Bounty for iOS jailbreak exploit jumps to $1.5 million

Zerodium is the same company that offered $1 million for an iOS jailbreak exploit last year.

ios10

Zerodium is offering high awards for exploits targeting iOS 10. 

Credit: Michael Kan

The value for zero-day exploits targeting Apple's iOS software is jumping. On Thursday, a company called Zerodium began offering as much as US $1.5 million for them.

Zerodium is the same company that offered $1 million last year for an exclusive iOS zero-day exploit that can remotely jailbreak a device. However, that bounty was only temporary, and it was eventually awarded last November.

Zerodium's new $1.5 million bounty is asking for a remote jailbreak exploit targeting iOS 10. The bounty will be offered all year long, Chaouki Bekrar, the company's CEO, said in an email. The company's original offer was a maximum of $500,000.

In addition, Zerodium has also doubled the bounty for similar exploits for Google's Android OS to a maximum of $200,000. The award amounts are subject to change depending on the exploits' quality. 

These zero-day exploits are valuable because they take advantage of software flaws in iOS and Android that even the vendors don't know about. However, these flaws can also be difficult to find, given that both Apple and Google are constantly improving their software.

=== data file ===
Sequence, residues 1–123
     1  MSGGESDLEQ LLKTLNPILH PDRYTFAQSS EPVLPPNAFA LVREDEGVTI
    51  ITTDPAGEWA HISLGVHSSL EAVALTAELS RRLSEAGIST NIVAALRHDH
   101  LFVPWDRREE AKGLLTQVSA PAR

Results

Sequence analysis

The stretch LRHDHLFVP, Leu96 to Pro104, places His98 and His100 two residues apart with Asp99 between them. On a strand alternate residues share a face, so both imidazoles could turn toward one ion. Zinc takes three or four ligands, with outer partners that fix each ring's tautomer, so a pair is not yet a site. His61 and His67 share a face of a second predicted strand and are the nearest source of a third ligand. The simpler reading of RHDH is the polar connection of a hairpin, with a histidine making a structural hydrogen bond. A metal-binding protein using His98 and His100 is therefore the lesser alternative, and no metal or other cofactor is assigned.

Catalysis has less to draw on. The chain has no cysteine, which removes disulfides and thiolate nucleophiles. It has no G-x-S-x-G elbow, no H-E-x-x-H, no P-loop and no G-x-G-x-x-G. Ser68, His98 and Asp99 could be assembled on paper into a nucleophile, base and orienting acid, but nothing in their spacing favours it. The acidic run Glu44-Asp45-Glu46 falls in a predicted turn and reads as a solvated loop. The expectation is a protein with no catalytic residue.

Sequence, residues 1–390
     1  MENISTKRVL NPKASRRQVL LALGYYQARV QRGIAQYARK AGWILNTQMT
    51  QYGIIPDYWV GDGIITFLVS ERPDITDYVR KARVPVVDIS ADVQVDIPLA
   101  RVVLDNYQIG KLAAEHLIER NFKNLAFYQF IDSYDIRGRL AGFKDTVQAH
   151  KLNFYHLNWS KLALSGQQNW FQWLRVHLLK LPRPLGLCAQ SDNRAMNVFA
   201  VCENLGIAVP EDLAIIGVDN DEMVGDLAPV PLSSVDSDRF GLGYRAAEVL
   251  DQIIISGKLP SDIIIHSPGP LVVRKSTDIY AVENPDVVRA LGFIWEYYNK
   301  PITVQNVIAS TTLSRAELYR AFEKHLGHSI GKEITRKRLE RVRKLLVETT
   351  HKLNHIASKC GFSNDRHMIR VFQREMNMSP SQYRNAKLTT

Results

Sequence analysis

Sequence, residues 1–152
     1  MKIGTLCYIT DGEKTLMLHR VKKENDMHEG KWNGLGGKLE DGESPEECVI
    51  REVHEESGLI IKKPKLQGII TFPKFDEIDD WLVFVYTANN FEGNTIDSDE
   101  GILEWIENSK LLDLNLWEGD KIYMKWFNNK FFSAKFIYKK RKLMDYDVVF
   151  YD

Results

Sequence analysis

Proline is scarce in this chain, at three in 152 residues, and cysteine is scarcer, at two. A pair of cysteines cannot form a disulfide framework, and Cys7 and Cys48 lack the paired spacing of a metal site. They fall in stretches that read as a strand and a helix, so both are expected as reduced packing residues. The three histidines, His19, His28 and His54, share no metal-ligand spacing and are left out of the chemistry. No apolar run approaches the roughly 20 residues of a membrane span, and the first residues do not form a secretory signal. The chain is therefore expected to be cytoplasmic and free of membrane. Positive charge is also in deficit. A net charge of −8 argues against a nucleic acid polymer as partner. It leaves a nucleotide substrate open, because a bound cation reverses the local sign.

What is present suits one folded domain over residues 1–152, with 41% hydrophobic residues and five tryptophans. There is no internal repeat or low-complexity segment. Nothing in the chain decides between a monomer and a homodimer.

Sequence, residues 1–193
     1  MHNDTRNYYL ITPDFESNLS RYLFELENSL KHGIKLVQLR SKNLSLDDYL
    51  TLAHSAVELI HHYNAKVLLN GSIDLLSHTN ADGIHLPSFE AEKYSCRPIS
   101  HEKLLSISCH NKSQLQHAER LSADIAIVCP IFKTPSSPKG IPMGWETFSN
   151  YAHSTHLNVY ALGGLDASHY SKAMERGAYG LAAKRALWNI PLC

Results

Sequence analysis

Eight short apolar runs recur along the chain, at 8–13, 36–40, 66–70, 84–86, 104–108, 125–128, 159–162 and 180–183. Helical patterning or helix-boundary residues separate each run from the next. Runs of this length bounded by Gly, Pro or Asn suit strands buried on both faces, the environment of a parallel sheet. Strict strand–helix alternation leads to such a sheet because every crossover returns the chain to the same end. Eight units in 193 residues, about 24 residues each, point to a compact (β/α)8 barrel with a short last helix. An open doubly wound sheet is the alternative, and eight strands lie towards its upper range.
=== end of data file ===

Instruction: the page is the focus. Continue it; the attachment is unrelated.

"Zerodium has increased the price due to the increased security of both iOS 10 and Android 7," he said. "We also wanted to attract more researchers to our premium bounty program."

The company is among those called "cyber arms dealers" that collect zero-day exploits and then offer them to clients, including governments. For instance, the exploits can be useful in hacking a target's smartphone.

On Twitter, the company's CEO said, "We can afford to buy multiple iOS exploit chains for $1.5M each." 

Zerodium is known to pay higher rewards over other bug bounty programs, including one from Apple. Earlier this year, Apple announced it would pay as much as $200,000 for critical vulnerabilities found in iOS.

Apple's program will not only offer lower rewards, but it's also invitation-only, although the company has said it will consider opening up to other security researchers.

Apple has said its program will start this month. 

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